What’s in a pipeline alters the risk
Elizabeth James / North Shore News
November 13, 2013 12:00 AM
“Although Kinder Morgan has conducted inspections for stress corrosion cracking on [its] Cochin Pipeline in Western Canada through inline inspection. .. the [National Energy] Board has previously deemed the crack detection methodology employed by Kinder Morgan to be inappropriate.”
NEB Letter and Order SO-K077-005-2012
When debating the merits of pipelines versus railcar transport, did you notice on Kinder Morgan’s website that its Trans Mountain pipeline
currently carries crude oil, semi-refined and refined products along the same pipeline?
That fact had escaped me until Vancouver-based activist David Ellis brought it to my attention as I began this column.
And here I’d been thinking a pipeline would be safer than the derailments we’ve seen across the country this year.
Ellis is concerned because, as he travels on business throughout British Columbia, he often drives miles alongside a pipeline most of us don’t even know exists.
The increased risk posed by what KM calls “batching” becomes clearer when you consider the volatility of refined oil products.
Spilled crude oil might burn for a long time but Ellis believes our chief concern should be the explosion-potential of refined product.
“As far as I know, Trans Mountain is the only pipeline in North America that carries both refined product and crude oil in batches,” he said.
So bearing in mind that Canada’s National Energy Board “requires companies to take effective actions to prevent the occurrence of leaks
and ruptures,” where does NEB stand on the history and operational practices of Texas-based Kinder Morgan Energy Partners? The answer is particularly relevant to the B.C. portion of KM’s Cochin line.
On Aug. 2, 2013, NEB recorded that on June 12 and 26, six months after it had conveyed its 21 Dec. 2012 orders to KM, the company had
“identified and reported two separate leaks” on its Trans Mountain pipeline in B.C.
Although the products are corrosive, especially in a 60-year-old pipeline, such leaks are usually found at failed weldingseams along the
The current spillsite is approximately 40 kilometres north of Hope, B.C. and the photographs I received from Ellis last week paint a disturbing picture of the cleanup that remains a work in progress.
Initially thought to be a spill of about 25 barrels – 4,000 to 5,000 litres – by the end of October Trans Mountain had shipped more than
5,000 cubic metres of contaminated soil to Richmond, for remediation by the Tervita Corporation.
The company discovered and reported the problem in the course of performing the inspections it was carrying out in compliance with the
NEB’s 2012 directives.
Nonetheless, the discovery was a disturbing confirmation of the NEB belief that the company’s traditional inspection protocols left much to be desired. That’s because neither KM nor passersby have any idea how long the “batched” contaminants had been seeping into the surrounding environment.
As Ellis asked, “What might have happened during our long, hot summer, had someone tossed a live cigarette-butt into a ditch full of refined oil alongside the highway?”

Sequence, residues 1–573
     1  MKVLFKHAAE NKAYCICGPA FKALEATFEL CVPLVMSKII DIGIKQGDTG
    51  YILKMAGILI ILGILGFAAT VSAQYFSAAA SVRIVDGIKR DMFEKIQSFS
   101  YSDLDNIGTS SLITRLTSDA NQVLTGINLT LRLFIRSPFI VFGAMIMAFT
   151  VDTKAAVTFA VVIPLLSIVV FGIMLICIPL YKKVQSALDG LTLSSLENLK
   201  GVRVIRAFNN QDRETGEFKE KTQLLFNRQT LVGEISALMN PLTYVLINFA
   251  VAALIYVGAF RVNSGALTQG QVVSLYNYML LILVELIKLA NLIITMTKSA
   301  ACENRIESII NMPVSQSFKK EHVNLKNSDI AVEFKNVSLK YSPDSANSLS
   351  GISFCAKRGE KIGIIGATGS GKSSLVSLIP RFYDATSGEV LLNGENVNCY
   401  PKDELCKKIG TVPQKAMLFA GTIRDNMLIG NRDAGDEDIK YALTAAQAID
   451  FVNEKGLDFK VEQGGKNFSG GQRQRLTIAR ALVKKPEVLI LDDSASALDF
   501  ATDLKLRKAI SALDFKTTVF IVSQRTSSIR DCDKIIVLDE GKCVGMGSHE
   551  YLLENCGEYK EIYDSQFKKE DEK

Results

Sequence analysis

And speaking of pipelines in ditches, open for all to see – what about the NEB requirement that pipelines should not be exposed in such a way as to leave them vulnerable to tampering or vandalism?
For me, however, the Aha! moment came when I read that, in May 2007, KM had concluded a $50-million deal to acquire the Canadian portion of the Cochin pipeline from the BP group, thus increasing its interest from around 40 per cent to full ownership.
That resonated with me because, as I wrote in a June 2010 column, BP workers had predicted that “years of corporate costcutting and inattention to safety measures and routine maintenance would lead to pipeline and other disasters.”
The largest disaster, of course, happened on April 20, 2010 when the BP-operated Transocean oil rig exploded, killed 11 workers and began to spill 5,000 barrels of oil a day into the Gulf of Mexico. Many suggested the event could have been prevented by the installation of a recommended $500,000 acoustic remote-control shut-off device.
At the time, President Barack Obama suggested the precautions were ignored because “the oil industry [had] enjoyed far too cosy. .. ties
with government regulators.”
A third and startling NEB communication suggests that this is not the case here.
Giving a whole new meaning to the slogan Call Before You Dig, Letter and Order KAR-001-2013 was delivered to BC Hydro on Feb. 4, 2013.
The letter listed 10 occasions between May 2008 and November 2012 when Hydro and/or its sub-contractors had excavated or otherwise violated the safety zone adjacent to a pipeline. The incidents included ones in Burnaby, Surrey, Hope, Kamloops and Valemount without notice to or permission from the pipeline company involved. A miscalculation at any of these sites had the potential to create a forest fire or a Lac Mégantic-size disaster right here in B.C.
One way or another, the regular spills and disasters Canadians have witnessed this year suggest that, at some level, the billiondollar oil industry still regards million-dollar fines and spill cleanup expenses as the cost of doing business.
Regulatory agencies like the NEB lack the funding and human resources to be everywhere at once. They have little option but to rely on the foxes to protect the hen house.
So whether we prefer pipelines or rail to transport our oil and gas products, we need to make sure industry is never allowed to come
anywhere close to developing political or regulatory cosy ties.
My thanks to David Ellis, his Alberta counterpart Evan Vokes and to the NEB’s Rebecca Taylor for the signposts they offered to speed up my understanding of this complex topic.